Gap-Year-Intro

Ways to Do Some Good and See the World

Young people who want to get out, see the world and do something meaningful have many opportunities to choose from these days. From work and travel programs to volunteer placements, Germany offers a ton of options for those feeling wanderlust.
by Caitlan Reeg

When all of the compulsory classes are finished and it's time to decide what direction to take next, it's an ideal time to take a break or a gap year and do something different. This can be a chance to try out a job path or develop new skills before committing to the next level of education. If this sounds exciting, you need to look no further than Germany, where volunteer and work options abound.

Traveling with a small budget and willing to work?

Germany offers many options for young people looking for seasonal jobs. You can help out on a farm, or assist during the annual harvest at a vineyard. Tourism agencies and tour providers are also a good place to look for short-term positions.

Want to help out in Germany?

Many young Germans do a Voluntary Social Year (Freiwilliges Soziales Jahr or FSJ) after finishing their compulsory studies. The FSJ is a state-funded program that places young people in volunteer positions in the German social services, sports, cultural heritage preservation or culture sectors. In addition to the FSJ, Germany also offers the Voluntary Ecological Year (Freiwilliges Ökologisches Jahr or FÖJ) for volunteers interested in the environment. Both programs accept foreign participants.

How about volunteering abroad?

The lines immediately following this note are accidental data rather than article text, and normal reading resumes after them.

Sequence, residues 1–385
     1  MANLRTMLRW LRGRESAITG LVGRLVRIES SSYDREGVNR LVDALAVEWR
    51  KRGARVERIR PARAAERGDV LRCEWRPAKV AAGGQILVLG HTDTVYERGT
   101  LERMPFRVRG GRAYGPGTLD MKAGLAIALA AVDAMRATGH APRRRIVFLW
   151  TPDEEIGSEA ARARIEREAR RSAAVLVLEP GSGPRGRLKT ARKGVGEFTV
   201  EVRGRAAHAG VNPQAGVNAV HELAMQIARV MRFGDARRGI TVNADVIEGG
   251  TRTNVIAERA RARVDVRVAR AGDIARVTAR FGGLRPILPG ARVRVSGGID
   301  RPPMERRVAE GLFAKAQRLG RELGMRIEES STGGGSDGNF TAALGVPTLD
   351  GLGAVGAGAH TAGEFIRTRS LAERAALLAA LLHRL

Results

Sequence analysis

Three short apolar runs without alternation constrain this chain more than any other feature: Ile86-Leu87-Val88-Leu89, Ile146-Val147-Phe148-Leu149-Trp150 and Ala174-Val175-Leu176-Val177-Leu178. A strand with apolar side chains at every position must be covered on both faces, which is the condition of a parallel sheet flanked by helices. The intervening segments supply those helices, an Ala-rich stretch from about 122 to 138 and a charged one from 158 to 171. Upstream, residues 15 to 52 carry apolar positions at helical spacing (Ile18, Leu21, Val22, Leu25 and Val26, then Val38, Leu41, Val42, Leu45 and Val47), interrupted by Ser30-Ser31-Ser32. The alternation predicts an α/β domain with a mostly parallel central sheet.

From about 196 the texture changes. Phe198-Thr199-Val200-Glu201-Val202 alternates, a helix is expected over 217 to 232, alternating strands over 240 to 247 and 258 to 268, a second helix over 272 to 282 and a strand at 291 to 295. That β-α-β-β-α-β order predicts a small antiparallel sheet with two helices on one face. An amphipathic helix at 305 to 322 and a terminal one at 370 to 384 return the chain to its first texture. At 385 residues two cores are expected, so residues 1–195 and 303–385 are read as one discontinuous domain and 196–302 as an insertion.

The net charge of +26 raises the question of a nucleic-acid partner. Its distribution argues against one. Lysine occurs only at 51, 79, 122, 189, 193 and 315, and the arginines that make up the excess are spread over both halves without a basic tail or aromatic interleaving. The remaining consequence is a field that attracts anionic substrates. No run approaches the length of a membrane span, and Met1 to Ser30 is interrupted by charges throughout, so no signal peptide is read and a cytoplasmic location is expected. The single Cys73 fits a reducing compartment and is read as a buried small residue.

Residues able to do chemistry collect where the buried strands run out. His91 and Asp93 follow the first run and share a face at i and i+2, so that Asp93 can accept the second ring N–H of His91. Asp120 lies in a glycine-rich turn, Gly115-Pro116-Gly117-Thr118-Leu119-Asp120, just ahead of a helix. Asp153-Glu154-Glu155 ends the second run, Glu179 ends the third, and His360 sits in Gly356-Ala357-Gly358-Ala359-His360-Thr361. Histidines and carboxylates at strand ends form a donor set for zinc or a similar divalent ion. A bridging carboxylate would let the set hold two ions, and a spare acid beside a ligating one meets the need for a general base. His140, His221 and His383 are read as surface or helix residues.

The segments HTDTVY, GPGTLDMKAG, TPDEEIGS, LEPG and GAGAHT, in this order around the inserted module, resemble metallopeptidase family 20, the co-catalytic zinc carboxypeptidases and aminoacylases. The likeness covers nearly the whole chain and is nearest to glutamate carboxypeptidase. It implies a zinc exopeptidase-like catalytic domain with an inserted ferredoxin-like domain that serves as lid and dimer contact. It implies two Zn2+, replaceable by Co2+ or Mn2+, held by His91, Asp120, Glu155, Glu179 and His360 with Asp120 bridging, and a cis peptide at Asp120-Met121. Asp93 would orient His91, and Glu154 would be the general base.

Young Germans who want to volunteer abroad can enroll in kulturweit. The program, which is facilitated by the German Ministry for Foreign Affairs and UNESCO, sends young people based in Germany to volunteer projects around the world. Another program, weltwärts, targets students interested in intercultural learning by placing them at partner projects around the world. Founded by the German Federal Ministry for Economic Cooperation and Development (BMZ), weltwärts is open to Germans who want to travel abroad and to young people abroad who want to volunteer in Germany.

Looking to beef up your resume?

An internship (Praktikum) is also a great way to immerse yourself in a new field. Because internships are an integral part of the German education system, they are relatively easy to find—even for non-Germans—as long as applicants meet some specific criteria.

Is learning a new language your biggest goal?

Try out a language vacation. Many organizations in Germany offer intensive language programs for travelers. Some even provide home stays with local families. Or travelers can commit to an entire school year in Germany for a more comprehensive experience.

Whatever your motivation, there have never been more opportunities to hit the road and do something meaningful.

by Caitlan Reeg